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The first edition of A Complaint is a Gift introduced the revolutionary notion that customer complaints are not annoyances to be dodged, denied or buried, but are instead valuable pieces of feedback that can be used to improve an organizations products and services. This new edition has been thoroughly revised and updated. There are two brand new chapters on the Internet, a new section entitled Handling Complaints Directed at You and another new section that turns the tables and discusses how the reader can complain effectively. More relevant than ever in todays constantly connected world, when customers can complain instantly, 24/7, and broadcast their dissatisfaction around the world if they choose to, throughout the text has been heavily revised, with a wealth of new examples, tools and strategies.
It's not easy to listen to complaining customers all day long. The following tirade by a service representative venting on the Internet is not all that different from many we have heard in person. You can almost hear the conflict this service provider is experiencing about her job, especially when she confronts an upset customer.
Customer complaints suck. Customers complain 90 percent of the time because they have had a bad day and need someone to take it out on. I work for a wireless company and I get so many complaints that it is sickening ... My job is to help the customer, but there is a limit that any employee of any company can tolerate. I am sick of customer complaints. No matter how hard I try, customers are not satisfied within the limit of what we as employees can do by company policy ... but when a customer comes into an establishment with an attitude from the start, it is hard to keep a level head when they are screaming at you and accusing you of being rude. Anonymous
How About a Slightly Different Scenario?
Imagine that a friend comes to visit on your birthday with a lovely present in hand. The first thing you would say after greeting him or her would, most likely, be an expression of gratitude. "Thank you. Thank you for coming and thank you for the lovely present." Your entire verbal and nonverbal language would signal your pleasure at seeing your friend and receiving the gift.
What if you then opened this gift and found a CD purchased just for you? What would you say? "Wow! I'm so pleased. I've wanted this CD for some time. How thoughtful of you to get it for me. How did you know this is my favorite artist? I'll think of you every time I listen to it." Okay, maybe not that profuse but something along those lines.
Now imagine that a customer has called you with a complaint. "My name is Chris Cooper, and your wireless service never works. I keep getting disconnected, and your advertising goes on and on about how you can be heard anywhere in the country. And that's not all. My first bill had charges for calls I know I didn't make. But that doesn't surprise me. If you can't get the connections right, you probably can't get your billing right!" Would you say, "Thank you for calling and telling us about this. How thoughtful of you. We really appreciate it"? Probably not.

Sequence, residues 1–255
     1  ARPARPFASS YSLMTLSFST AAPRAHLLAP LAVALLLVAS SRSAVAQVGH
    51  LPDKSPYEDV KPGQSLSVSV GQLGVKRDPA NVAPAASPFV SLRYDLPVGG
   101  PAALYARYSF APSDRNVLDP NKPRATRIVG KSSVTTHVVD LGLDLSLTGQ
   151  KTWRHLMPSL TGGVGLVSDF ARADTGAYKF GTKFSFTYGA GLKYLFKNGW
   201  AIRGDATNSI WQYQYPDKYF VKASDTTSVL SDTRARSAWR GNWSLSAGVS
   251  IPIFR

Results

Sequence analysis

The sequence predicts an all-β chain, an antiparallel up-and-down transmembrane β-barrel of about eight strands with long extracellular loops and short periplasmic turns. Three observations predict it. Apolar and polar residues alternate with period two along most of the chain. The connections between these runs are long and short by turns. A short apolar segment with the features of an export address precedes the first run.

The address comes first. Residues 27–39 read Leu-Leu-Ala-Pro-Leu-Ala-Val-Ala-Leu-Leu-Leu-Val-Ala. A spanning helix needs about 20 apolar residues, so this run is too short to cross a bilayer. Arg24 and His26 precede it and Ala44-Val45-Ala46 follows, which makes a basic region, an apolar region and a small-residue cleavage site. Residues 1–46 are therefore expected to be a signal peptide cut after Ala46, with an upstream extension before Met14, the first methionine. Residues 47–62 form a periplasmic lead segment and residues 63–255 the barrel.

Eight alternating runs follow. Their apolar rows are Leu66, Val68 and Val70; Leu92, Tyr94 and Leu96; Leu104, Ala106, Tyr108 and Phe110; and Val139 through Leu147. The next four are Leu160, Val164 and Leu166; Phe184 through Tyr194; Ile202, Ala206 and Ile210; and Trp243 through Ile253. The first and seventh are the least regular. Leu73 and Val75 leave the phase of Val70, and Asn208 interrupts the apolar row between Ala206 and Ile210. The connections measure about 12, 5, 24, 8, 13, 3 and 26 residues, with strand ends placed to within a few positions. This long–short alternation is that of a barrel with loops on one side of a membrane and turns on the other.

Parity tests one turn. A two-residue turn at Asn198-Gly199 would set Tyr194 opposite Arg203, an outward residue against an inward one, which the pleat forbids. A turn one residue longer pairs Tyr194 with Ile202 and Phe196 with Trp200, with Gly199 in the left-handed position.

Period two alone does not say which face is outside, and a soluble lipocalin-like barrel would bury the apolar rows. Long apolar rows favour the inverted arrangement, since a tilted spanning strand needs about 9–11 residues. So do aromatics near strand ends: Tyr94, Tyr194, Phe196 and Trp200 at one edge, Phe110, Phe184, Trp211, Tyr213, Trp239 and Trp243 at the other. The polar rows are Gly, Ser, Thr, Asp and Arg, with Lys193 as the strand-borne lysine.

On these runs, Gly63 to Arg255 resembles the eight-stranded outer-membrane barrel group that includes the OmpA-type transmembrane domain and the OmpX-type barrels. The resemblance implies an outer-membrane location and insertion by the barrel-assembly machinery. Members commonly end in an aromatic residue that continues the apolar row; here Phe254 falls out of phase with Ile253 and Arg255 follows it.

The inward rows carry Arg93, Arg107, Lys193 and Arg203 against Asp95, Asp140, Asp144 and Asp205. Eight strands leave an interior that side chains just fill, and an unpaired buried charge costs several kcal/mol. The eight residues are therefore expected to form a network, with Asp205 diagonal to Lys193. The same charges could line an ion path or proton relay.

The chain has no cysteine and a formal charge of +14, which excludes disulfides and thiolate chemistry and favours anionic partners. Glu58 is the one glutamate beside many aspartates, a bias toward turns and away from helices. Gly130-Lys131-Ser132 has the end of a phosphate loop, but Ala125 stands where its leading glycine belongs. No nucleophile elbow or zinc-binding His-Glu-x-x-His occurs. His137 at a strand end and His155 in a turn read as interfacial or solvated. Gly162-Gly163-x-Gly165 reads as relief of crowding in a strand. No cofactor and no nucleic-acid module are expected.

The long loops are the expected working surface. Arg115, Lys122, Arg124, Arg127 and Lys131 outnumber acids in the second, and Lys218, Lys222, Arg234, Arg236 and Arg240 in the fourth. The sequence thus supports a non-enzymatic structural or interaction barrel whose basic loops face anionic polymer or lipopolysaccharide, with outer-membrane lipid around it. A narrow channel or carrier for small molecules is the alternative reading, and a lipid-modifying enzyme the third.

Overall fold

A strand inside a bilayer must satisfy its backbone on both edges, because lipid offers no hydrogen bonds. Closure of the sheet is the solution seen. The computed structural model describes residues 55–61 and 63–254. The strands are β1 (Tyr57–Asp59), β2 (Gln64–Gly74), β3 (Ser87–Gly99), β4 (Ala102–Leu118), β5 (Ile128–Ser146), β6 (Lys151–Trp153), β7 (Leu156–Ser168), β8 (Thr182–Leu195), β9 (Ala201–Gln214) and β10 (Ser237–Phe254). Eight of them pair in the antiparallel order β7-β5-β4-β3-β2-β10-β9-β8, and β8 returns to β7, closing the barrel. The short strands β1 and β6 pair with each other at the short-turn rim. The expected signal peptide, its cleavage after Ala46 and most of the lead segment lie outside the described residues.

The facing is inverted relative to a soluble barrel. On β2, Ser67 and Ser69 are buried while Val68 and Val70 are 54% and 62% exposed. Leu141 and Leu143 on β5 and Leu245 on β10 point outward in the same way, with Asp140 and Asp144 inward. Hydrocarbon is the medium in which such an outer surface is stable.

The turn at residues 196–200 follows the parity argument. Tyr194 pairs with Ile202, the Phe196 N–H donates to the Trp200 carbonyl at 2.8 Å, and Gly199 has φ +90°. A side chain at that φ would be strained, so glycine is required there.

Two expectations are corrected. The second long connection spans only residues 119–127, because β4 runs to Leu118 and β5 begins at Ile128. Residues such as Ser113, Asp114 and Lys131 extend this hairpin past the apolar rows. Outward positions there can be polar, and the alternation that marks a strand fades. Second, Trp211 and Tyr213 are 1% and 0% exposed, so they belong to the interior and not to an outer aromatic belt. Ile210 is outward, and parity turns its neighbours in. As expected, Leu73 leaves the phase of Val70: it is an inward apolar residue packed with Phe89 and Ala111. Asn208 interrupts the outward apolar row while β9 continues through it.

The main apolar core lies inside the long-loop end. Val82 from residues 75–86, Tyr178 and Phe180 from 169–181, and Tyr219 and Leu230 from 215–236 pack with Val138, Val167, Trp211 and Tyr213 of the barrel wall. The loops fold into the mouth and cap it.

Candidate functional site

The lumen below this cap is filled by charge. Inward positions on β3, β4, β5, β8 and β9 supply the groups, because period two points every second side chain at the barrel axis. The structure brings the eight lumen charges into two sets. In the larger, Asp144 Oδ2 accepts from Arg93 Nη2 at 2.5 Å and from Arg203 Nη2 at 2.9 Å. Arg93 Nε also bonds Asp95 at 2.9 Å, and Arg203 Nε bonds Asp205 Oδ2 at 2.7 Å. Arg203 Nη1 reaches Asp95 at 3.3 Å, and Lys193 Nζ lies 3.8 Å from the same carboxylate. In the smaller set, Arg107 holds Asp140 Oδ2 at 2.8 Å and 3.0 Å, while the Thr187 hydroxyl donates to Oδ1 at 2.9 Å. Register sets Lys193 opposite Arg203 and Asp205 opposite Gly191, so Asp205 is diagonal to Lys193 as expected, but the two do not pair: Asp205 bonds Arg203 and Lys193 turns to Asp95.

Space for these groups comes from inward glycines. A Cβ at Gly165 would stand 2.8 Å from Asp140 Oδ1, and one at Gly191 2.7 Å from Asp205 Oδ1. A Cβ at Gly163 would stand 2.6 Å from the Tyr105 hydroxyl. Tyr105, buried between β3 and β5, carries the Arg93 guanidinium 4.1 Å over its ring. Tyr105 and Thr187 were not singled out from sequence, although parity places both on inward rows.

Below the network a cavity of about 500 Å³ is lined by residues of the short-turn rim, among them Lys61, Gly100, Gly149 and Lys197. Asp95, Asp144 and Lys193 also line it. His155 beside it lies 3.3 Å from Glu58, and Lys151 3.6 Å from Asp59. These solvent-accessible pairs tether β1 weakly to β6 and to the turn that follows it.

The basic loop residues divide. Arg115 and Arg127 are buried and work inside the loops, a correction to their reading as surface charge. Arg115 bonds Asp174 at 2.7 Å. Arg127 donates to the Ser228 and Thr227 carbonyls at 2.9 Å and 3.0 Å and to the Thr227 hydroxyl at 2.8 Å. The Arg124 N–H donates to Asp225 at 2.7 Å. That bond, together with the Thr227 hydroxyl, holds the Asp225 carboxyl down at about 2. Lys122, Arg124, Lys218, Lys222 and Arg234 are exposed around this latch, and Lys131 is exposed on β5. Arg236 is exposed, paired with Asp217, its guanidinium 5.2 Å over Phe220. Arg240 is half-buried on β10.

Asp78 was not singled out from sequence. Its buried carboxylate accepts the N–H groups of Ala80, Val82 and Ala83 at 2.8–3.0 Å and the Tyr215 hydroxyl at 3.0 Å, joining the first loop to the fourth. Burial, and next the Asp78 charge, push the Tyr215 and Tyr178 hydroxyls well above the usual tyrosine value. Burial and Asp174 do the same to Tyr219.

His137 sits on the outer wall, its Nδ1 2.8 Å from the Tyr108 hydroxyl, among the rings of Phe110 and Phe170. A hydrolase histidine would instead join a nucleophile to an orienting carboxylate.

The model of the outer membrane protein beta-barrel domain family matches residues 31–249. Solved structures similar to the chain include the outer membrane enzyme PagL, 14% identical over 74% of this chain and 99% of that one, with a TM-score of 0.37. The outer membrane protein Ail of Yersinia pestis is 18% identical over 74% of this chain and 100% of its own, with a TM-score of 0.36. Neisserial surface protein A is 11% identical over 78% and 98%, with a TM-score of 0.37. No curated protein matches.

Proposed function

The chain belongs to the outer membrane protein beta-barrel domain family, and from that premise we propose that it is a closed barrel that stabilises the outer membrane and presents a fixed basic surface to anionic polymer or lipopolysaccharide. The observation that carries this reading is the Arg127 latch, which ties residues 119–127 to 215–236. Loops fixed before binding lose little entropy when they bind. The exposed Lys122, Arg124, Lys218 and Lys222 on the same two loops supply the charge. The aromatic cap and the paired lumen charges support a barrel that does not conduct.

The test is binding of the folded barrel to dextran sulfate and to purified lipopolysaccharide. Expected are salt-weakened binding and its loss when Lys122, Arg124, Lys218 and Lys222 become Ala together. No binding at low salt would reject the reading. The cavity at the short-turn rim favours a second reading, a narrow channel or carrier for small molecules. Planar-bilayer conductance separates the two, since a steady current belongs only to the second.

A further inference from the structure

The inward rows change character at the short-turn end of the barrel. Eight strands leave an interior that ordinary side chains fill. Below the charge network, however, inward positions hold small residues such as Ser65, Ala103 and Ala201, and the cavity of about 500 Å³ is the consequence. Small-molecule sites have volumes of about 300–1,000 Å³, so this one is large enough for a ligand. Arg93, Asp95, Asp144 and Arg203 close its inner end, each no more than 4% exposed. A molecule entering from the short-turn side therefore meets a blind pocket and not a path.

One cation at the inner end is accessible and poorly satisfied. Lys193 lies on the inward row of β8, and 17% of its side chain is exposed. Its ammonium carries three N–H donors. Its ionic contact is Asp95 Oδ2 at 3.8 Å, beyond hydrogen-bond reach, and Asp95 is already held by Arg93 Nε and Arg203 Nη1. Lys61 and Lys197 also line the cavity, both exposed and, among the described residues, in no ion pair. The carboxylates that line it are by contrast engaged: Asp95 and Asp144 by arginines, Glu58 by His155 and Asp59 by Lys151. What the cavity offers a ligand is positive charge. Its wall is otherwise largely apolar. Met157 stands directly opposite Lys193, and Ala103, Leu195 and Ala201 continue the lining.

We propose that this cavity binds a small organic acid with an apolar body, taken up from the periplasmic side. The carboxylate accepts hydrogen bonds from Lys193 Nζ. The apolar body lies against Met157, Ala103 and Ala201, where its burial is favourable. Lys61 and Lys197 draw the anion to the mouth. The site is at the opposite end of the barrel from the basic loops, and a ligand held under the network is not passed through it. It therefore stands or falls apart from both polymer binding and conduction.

But when we receive a birthday present, we do not hesitate. We say, "Thank you." Why do we do this? Because a friend took time to get us something special—in most cases. What about complaining customers? Are they friends? Or do they look like enemies? What are they trying to do? What are they giving us?
Complaining customers are giving us an opportunity to find out what their problems are so we can help them and they will be encouraged to come back, use our services, and buy our products. It's as if they have gifted us with a blog written just for us: "A Chance to Survive: Listen to Me and You'll Stay in Business." So don't say, "Go away. I've already got one CD by this artist, and I don't want to listen to another. I'm too busy."
When encountering the customer who complains about phone calls that are continually dropped and repetitive billing errors, many company representatives will start by asking a barrage of identification questions: "What is your name? How do you spell that? What is your phone number? What is your address? When did you start your service? What is the product number of your telephone? (By the way, if you don't have it handy, it's on the bottom of your phone in such tiny digits that you'll need a magnifying glass to read it.) Do you have your monthly bill in front of you? What is our order number? What is your Web order number? What is your PO number? When did you send in your last payment?" They may blame billing by sighing and saying, "We hear a lot of complaints about incorrect billing." They may attack their own company by saying, "Those dropped calls happen a lot. It's rather unbelievable that our advertising says we're the best in the business. If that's true, it makes you wonder about all the other wireless companies." If customers are very lucky, they will get an apology.